Ravi, S.; Larochelle, H. Optimization as a model for fewshot learning. In Proceedings of the International Conference on Learning Representations, Toulon, France, 24–26 April 2017; Available online: https://openreview.net/pdf?id=rJY0Kcll (accessed on 12 August 2021).
 Wang, Y.; Yao, Q.; Kwok, J.T.; Ni, L.M. Generalizing from a few examples: A survey on fewshot learning. ACM Comput. Surv. (CSUR) 2020, 53, 1–34. [Google Scholar] [CrossRef]
 Sung, F.; Yang, Y.; Zhang, L.; Xiang, T.; Torr, P.H.; Hospedales, T.M. Learning to Compare: Relation Network for FewShot Learning. In Proceedings of the IEEE Conference on Computer Vision and Pattern Recognition, Salt Lake City, UT, USA, 19–21 June 2018; pp. 1199–1208. Available online: https://openaccess.thecvf.com/content_cvpr_2018/html/Sung_Learning_to_Compare_CVPR_2018_paper.html (accessed on 12 August 2021).
 Gorban, A.N.; Tyukin, I.Y. Blessing of dimensionality: Mathematical foundations of the statistical physics of data. Philos. Trans. R. Soc. A 2018, 376, 20170237. [Google Scholar] [CrossRef] [Green Version]
 Tyukin, I.Y.; Gorban, A.N.; Alkhudaydi, M.H.; Zhou, Q. Demystification of fewshot and oneshot learning. arXiv 2021, arXiv:2104.12174. [Google Scholar]
 Kainen, P.C. Utilizing geometric anomalies of high dimension: When complexity makes computation easier. In ComputerIntensive Methods in Control and Signal Processing: The Curse of Dimensionality; Warwick, K., Kárný, M., Eds.; Springer: New York, NY, USA, 1997; pp. 283–294. [Google Scholar] [CrossRef]
 Donoho, D.L. HighDimensional Data Analysis: The Curses and Blessings of Dimensionality. In Proceedings of the Invited Lecture at Mathematical Challenges of the 21st Century, AMS National Meeting, Los Angeles, CA, USA, 6–12 August 2000; Available online: http://citeseerx.ist.psu.edu/viewdoc/summary?doi=10.1.1.329.3392 (accessed on 12 August 2021).
 Anderson, J.; Belkin, M.; Goyal, N.; Rademacher, L.; Voss, J. The More, the Merrier: The Blessing of Dimensionality for Learning Large Gaussian Mixtures. In Proceedings of the 27th Conference on Learning Theory, Barcelona, Spain, 13–15 June 2014; Balcan, M.F., Feldman, V., Szepesvári, C., Eds.; PMLR: Barcelona, Spain, 2014; Volume 35, pp. 1135–1164. [Google Scholar]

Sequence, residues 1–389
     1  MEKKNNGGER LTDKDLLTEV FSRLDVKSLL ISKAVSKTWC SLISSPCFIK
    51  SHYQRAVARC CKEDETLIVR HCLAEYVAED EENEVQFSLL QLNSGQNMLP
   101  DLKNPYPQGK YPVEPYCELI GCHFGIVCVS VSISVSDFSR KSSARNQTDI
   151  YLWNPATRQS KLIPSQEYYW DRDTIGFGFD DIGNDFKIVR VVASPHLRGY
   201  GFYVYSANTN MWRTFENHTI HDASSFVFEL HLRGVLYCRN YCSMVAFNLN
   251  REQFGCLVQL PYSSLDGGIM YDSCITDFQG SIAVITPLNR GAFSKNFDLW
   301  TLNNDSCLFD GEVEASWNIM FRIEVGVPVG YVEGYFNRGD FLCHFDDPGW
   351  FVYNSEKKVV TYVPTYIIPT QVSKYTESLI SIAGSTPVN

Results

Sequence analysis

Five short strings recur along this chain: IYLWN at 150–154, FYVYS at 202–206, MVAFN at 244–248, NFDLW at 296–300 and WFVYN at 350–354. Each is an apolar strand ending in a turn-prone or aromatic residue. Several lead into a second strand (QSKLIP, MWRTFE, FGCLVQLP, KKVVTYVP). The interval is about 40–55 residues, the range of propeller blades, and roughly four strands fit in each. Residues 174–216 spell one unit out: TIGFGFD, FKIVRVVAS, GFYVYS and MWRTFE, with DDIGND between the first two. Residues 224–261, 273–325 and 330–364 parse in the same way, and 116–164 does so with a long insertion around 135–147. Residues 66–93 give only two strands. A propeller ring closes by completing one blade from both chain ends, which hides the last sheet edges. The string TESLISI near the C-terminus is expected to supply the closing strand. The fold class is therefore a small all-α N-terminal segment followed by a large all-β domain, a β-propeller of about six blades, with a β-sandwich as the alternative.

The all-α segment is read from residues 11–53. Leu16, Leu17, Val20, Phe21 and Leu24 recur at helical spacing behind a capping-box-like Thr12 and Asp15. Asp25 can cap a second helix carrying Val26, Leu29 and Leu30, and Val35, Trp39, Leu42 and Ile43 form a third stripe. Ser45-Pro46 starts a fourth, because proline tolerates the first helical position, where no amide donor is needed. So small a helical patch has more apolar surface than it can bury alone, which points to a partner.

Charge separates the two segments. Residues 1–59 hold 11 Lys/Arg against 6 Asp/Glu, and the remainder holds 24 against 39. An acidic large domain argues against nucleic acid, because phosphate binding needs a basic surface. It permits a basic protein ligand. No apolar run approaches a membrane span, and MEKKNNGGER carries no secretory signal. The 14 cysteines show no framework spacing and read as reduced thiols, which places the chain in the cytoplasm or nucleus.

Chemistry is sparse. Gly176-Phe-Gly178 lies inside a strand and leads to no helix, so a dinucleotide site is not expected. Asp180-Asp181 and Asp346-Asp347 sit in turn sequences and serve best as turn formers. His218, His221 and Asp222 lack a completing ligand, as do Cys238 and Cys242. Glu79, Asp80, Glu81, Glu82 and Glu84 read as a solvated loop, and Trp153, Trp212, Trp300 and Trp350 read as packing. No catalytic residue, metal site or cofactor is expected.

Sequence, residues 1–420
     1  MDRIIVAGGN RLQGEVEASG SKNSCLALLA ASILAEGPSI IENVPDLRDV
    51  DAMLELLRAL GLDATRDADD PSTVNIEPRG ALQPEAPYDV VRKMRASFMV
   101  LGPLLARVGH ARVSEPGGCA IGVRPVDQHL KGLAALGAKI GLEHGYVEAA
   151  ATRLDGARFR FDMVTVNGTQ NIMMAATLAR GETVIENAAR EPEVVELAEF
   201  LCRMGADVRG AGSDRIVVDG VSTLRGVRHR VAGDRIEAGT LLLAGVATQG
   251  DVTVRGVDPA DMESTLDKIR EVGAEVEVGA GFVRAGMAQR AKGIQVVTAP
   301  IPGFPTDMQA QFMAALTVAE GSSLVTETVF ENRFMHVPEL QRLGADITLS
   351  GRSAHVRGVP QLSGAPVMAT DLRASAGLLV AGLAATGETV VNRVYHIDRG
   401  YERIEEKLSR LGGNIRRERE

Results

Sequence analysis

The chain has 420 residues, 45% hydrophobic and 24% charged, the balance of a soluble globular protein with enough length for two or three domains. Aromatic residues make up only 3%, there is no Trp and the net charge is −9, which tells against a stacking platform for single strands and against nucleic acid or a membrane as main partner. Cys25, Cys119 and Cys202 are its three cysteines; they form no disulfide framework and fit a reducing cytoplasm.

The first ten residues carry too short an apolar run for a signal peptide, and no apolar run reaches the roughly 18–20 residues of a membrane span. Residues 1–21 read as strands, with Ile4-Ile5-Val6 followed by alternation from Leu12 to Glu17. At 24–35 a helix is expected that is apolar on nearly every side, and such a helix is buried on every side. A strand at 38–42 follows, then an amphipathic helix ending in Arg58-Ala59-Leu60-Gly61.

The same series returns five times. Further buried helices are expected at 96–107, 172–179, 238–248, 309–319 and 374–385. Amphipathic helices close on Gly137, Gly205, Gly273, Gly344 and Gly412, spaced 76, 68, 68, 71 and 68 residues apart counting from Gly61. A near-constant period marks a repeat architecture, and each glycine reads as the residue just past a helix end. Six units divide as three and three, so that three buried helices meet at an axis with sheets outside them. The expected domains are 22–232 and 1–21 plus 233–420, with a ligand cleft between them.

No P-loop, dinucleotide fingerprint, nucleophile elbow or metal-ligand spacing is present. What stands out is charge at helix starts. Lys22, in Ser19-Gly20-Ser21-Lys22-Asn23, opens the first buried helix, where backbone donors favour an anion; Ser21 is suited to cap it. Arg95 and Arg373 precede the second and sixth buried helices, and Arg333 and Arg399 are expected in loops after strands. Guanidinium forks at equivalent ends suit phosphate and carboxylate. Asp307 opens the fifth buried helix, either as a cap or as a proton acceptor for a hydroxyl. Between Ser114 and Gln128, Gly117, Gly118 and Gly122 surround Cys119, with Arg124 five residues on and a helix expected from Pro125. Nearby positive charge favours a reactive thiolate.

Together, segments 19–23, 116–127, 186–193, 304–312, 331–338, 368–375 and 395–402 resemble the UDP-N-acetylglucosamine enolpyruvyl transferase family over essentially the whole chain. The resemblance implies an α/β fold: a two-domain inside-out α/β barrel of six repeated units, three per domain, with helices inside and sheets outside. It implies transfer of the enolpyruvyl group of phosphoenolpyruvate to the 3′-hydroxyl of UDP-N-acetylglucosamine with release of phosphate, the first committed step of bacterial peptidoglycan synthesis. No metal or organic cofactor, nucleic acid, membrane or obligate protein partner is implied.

Gorban, A.N.; Tyukin, I.Y.; Romanenko, I. The blessing of dimensionality: Separation theorems in the thermodynamic limit. IFACPapersOnLine 2016, 49, 64–69. [Google Scholar] [CrossRef]
 Gorban, A.N.; Tyukin, I.Y. Stochastic separation theorems. Neural Netw. 2017, 94, 255–259. [Google Scholar] [CrossRef] [Green Version]
 Gorban, A.N.; Golubkov, A.; Grechuk, B.; Mirkes, E.M.; Tyukin, I.Y. Correction of AI systems by linear discriminants: Probabilistic foundations. Inf. Sci. 2018, 466, 303–322. [Google Scholar] [CrossRef] [Green Version]
 Gorban, A.N.; Makarov, V.A.; Tyukin, I.Y. The unreasonable effectiveness of small neural ensembles in highdimensional brain. Phys. Life Rev. 2019, 29, 55–88. [Google Scholar] [CrossRef]
 Flury, B. Principal points. Biometrika 1990, 77, 33–41. [Google Scholar] [CrossRef]
 Gorban, A.N.; Zinovyev, A.Y. Principal graphs and manifolds. In Handbook of Research on Machine Learning Applications and Trends: Algorithms, Methods and Techniques; Olivas, E.S., Guererro, J.D.M., Sober, M.M., Benedito, J.R.M., Lopes, A.J.S., Eds.; IGI Global: Hershey, PA, USA, 2010; pp. 28–59. [Google Scholar] [CrossRef] [Green Version]
 Tyukin, I.Y.; Gorban, A.N.; Grechuk, B.; Green, S. Kernel Stochastic Separation Theorems and Separability Characterizations of Kernel Classifiers. In Proceedings of the 2019 International Joint Conference on Neural Networks (IJCNN), Budapest, Hungary, 14–19 July 2019. [Google Scholar] [CrossRef]